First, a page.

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Businesses in Newton can sell merchandise on the sidewalk in front of their locations â€” although city code hasn't officially prevented them from doing so in the recent past.
"Prior to 2007, there was action taken to allow vendors or merchants to have sidewalk sales during city events like Newtonfest or Old Soldiers Reunion," Newton Planning Director and Assistant City Manager Glenn Pattishall said, adding city code previously prohibited those sidewalk sales from occurring - except when authorized by City Council during a festival or event. "We have had several businesses in the central business district that have inquired about allowing sidewalk sales ... When we looked at the current city code, we couldn't find the section (that prohibits sidewalk sales)."
It seems, Pattishall said, that when Newton City Code was revised in 2007, the section prohibiting sidewalk sales was omitted.
"That is not in our current ordinance," he said. "It was in the old ordinance, but it is no longer there."
It won't be added any time soon after City Council voted 4-3 against revisiting city code to stop businesses from selling merchandise on sidewalks outside their storefronts.
"Having nothing is better than prohibiting it," said Newton Mayor Robert Mullinax. "We are in a tough time, and we are trying to help folks. I don't see much going on down there as far as folks out trying to sell. I think if you bring something on the sidewalk, you are showing some initiative to market something. Let's don't make life hard for people right now."
Other council members said they thought sidewalks sales could pose a problem.
"I think it is a bad idea because you are assuming a lot of liability," said council member Mary Bess Lawing. "If people come through not paying a lot of attention, and fall and break a hip, who are they going to sue?"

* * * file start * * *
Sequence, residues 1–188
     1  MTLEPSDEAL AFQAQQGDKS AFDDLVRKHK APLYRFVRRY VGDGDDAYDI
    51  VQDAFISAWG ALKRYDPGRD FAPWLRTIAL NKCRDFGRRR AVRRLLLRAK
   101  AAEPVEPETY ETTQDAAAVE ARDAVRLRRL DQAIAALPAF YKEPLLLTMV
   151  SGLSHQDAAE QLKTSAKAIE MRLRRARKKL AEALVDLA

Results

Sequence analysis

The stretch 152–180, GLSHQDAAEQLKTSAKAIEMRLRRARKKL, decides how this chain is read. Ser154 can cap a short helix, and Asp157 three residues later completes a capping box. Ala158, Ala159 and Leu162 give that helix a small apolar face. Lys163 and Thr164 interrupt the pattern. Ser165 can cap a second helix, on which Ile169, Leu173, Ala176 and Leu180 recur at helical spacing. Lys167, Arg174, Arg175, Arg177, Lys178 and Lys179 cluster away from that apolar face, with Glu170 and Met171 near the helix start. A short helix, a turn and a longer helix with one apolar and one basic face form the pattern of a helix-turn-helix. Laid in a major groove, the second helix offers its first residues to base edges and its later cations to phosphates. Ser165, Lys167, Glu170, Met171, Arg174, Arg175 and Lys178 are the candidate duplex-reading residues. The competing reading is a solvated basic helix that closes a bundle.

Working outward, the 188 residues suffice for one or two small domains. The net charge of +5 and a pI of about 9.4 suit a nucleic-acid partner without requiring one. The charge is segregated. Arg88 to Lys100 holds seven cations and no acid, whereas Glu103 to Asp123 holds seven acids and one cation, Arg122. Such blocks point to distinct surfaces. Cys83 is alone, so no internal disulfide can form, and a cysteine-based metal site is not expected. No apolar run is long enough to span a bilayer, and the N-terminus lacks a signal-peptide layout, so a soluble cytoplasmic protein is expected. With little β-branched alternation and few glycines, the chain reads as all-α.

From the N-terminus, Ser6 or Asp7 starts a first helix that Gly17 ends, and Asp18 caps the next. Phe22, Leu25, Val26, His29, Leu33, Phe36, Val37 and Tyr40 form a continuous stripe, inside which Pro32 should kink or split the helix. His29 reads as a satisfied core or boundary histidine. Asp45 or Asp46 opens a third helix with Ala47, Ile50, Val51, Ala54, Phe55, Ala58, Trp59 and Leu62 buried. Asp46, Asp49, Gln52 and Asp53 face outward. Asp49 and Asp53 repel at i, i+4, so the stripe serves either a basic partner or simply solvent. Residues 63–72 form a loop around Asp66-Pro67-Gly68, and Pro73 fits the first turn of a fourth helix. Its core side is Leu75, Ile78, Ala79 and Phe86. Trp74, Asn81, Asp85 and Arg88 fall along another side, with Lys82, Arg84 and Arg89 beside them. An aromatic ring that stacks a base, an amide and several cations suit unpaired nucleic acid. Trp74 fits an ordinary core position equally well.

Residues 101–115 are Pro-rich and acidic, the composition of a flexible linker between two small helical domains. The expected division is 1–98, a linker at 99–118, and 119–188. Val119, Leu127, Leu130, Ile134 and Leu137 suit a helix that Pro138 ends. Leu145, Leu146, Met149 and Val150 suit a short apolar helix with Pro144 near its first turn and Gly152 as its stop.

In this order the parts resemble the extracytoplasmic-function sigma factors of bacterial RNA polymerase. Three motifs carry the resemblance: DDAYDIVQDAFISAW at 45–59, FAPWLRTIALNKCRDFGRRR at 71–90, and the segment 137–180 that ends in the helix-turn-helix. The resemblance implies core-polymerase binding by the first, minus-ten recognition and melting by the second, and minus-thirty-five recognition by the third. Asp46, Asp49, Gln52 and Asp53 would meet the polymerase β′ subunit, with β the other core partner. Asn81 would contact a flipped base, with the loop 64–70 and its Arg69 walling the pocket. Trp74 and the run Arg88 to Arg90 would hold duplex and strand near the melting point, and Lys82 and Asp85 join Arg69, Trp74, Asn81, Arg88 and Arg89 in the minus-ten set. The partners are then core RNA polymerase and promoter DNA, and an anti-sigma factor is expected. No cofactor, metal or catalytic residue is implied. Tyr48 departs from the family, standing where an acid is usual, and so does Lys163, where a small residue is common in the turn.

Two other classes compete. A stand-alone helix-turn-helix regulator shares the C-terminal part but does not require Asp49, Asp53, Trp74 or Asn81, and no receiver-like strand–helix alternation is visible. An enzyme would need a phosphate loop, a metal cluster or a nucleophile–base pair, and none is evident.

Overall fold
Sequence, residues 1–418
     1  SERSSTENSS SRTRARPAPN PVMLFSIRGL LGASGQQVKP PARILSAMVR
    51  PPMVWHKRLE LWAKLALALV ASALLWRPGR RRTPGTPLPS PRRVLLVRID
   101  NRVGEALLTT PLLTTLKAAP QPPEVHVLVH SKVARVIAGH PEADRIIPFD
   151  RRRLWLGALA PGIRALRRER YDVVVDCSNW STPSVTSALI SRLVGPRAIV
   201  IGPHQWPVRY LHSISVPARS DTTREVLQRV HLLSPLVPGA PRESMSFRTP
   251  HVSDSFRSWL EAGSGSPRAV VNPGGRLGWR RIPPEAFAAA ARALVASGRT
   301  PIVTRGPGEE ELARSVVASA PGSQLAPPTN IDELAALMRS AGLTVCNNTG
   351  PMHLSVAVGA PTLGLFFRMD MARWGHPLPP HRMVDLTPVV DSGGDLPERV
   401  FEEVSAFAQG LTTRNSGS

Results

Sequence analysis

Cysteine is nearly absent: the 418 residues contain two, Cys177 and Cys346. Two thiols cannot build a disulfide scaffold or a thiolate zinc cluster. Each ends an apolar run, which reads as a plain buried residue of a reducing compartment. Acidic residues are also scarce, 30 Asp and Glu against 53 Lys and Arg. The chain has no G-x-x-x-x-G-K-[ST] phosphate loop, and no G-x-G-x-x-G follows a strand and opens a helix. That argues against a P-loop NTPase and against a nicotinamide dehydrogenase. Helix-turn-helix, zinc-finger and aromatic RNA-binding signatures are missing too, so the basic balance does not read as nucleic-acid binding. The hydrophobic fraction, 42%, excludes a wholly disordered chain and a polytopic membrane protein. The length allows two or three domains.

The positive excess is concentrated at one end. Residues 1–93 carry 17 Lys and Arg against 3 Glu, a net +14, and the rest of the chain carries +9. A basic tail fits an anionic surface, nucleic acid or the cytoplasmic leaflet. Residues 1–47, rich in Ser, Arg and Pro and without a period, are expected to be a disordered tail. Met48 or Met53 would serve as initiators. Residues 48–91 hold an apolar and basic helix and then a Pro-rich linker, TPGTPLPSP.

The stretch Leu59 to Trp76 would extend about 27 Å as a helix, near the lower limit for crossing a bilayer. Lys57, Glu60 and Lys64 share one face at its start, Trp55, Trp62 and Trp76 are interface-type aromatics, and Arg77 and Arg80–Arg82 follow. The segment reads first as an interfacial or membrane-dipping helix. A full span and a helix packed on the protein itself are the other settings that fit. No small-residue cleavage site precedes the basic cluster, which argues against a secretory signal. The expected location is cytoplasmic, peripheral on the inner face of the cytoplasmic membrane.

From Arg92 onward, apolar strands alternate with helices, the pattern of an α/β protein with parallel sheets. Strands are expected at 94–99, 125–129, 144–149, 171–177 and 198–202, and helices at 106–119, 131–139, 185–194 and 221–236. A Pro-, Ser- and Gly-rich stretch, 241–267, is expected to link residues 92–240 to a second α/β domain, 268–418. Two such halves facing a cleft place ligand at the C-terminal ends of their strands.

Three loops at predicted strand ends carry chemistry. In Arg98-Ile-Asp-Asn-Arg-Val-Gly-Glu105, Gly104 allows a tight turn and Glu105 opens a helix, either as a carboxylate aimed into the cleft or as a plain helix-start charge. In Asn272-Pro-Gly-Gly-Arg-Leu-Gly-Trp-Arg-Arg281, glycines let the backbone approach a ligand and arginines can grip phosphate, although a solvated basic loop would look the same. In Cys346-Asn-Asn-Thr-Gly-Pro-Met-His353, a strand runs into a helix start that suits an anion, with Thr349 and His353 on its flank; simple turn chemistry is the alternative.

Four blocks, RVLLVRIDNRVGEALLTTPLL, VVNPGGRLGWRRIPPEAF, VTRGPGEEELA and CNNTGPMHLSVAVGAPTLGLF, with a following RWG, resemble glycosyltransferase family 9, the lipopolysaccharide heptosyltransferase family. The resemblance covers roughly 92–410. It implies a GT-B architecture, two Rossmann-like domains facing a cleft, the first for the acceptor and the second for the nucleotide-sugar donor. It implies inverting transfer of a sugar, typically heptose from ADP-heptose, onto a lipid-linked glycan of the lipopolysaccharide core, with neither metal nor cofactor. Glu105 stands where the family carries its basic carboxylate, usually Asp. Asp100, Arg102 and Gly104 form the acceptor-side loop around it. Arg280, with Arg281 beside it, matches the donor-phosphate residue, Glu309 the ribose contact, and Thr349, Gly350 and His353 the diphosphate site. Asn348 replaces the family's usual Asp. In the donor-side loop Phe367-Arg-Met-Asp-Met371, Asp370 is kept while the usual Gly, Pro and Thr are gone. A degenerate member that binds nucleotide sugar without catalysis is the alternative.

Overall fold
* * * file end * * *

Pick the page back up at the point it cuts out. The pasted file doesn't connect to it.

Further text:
She added that the sidewalk should be accessible to the public.
"I think the issue of tripping over signs â€” it is very overblown, and I think we need to get past that," Mullinax said. "I haven't seen anybody tripping over signs."
Currently some businesses in the city's downtown district, such as Hi-Lites, put merchandise in front of their stores. Although Hi-Lites has an enclave area at its storefront so apparel and other goods aren't in the sidewalk. Other businesses, such as Geppeto's and Dana's Fine Jewelry put signs in front of the store advertising lunch specials or sales.
"In my opinion, if you own a business in downtown Newton, you ought to be allowed to put stuff on the sidewalk any day of the year, as long as you don't have it in the walkway where anybody can trip over it and fall," Kay Carter with Dana's Fine Jewelry said, adding selling merchandise on the sidewalk is only effective if there is a lot of foot traffic. "You don't get a lot of foot traffic unless there is a festival going on. ... You don't see a lot of foot traffic (in downtown Newton) especially since the Artist's CafĂ© closed."
After a motion by Newton Council member Tom Rowe, Newton City Council voted 3-3 on a measure to prohibit sidewalk sales at times other than festivals and special events. Rowe, Lawing and Council member Bill Lutz voted to prohibit sidewalk sales, while Mayor Pro Tem Anne Stedman and council members Robert Abernethy Jr. and Wayne Dellinger were against the move to stop sidewalk sales. Mullinax broke the tie, voting against the proposal to include a section in city code to thwart sidewalk sales.